There are six different types of merger:

● Concentric/Congeneric Merger – used by companies targeting the same target clients by in different ways

● Conglomerate Merger – when two non-competing companies merge even though they share no common business areas

● Horizontal Merger – when two companies in direct competition with each offering similar products or services and targeting the same markets combine forces

● Market-Extension Merger – when two companies selling the same product and services but to different markets join

● Product-Extension Merger – when two companies selling different but related products to the same market combine

● Vertical Merger – a merger between a customer and a company or a supplier and company with complementary offerings to each other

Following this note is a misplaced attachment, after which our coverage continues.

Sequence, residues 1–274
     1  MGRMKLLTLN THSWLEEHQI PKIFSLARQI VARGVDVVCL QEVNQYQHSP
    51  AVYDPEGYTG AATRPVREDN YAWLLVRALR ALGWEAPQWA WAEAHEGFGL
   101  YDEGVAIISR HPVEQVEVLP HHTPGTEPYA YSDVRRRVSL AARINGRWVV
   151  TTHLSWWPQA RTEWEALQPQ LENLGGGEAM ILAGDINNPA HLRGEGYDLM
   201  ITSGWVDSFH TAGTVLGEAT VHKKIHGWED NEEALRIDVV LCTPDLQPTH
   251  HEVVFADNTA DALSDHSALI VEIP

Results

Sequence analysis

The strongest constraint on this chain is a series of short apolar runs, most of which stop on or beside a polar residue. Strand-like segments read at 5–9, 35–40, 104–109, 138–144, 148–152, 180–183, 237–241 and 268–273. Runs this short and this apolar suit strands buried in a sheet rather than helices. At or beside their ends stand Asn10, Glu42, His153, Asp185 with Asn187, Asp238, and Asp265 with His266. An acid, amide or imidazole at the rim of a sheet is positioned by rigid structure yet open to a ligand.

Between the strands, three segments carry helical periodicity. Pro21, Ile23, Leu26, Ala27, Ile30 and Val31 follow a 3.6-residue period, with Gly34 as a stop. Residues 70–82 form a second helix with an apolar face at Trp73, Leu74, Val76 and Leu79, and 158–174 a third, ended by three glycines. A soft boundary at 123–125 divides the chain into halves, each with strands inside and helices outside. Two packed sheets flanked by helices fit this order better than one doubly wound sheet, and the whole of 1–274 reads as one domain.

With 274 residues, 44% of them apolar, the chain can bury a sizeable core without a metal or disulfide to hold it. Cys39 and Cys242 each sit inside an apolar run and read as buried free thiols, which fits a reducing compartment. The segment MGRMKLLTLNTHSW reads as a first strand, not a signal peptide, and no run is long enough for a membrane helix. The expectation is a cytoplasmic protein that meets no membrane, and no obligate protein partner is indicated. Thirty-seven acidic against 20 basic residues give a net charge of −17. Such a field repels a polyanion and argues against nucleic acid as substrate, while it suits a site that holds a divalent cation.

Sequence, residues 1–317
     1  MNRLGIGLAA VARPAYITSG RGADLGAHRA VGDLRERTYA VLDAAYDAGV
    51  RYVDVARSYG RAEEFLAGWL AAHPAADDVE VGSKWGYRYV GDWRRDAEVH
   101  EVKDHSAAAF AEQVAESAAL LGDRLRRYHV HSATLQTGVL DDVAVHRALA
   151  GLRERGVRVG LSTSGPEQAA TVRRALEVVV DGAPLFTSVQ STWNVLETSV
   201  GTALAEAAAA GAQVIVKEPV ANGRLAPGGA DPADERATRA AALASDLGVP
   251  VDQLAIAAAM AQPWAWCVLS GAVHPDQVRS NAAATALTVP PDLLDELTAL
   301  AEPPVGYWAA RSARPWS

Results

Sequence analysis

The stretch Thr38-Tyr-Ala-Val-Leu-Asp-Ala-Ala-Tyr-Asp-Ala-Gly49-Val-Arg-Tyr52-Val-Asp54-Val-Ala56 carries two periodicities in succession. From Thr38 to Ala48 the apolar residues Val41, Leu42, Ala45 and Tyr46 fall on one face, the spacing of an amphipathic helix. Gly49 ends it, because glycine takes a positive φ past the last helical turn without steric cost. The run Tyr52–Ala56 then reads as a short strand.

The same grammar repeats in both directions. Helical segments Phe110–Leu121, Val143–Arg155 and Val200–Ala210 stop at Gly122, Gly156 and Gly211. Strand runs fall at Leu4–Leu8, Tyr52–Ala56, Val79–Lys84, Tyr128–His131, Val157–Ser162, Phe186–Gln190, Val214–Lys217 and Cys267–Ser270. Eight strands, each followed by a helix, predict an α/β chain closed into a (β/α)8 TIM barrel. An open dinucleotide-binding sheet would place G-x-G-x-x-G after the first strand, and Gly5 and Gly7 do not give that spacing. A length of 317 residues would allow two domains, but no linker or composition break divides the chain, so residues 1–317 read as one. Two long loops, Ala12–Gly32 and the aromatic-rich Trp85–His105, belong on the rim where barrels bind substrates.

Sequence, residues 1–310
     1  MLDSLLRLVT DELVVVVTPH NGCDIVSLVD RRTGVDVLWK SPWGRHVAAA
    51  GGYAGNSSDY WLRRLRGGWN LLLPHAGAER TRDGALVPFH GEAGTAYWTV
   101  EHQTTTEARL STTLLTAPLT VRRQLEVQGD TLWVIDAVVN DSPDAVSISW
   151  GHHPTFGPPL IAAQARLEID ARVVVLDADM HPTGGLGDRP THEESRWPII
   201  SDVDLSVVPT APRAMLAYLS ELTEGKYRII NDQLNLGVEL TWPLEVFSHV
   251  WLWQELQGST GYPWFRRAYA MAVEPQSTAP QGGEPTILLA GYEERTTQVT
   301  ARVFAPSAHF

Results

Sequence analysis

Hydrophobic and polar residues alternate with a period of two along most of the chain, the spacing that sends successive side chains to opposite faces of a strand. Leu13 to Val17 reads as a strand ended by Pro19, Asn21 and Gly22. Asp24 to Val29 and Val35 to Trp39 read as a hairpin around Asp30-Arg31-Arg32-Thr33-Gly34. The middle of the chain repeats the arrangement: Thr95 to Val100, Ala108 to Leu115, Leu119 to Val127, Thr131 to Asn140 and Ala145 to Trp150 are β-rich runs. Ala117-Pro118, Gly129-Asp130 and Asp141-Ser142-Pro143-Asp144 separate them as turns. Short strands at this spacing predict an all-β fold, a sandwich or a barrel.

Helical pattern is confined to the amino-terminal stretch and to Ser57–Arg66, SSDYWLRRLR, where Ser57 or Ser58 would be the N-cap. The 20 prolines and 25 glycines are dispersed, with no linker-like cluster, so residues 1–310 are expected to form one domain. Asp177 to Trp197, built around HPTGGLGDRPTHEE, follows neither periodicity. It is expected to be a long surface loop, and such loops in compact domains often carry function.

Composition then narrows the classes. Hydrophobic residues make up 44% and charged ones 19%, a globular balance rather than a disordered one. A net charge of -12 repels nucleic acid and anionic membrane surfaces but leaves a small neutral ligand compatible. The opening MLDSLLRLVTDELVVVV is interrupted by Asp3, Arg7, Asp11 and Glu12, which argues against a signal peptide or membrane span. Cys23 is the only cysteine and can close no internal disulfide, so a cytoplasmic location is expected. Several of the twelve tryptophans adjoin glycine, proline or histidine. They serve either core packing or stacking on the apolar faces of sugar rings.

A reverse merger (sometimes called a reverse takeover or a reverse IPO) is used by private limited companies when they want to become public limited companies without having to arrange and execute an initial public offering.

They do this by buying enough shares to gain control over the public limited company and then the shares in the private limited company are exchanged for shares in the public limited company.


With a tender offer, an acquirer alerts all of the target company’s shareholders that they are willing to buy their shares at an agreed price and within an agreed time.

Sometimes, the management team of the target company will endorse the acquirer’s offer but this is not necessary for the transaction to be successful. The acquirer may wish to purchase the company or to encourage enough shareholders to sell to them to create a merged entity.


To find out more about how we work with buy-sell and sell-side clients on mergers and acquisitions and how we can assist you, please get in touch with us.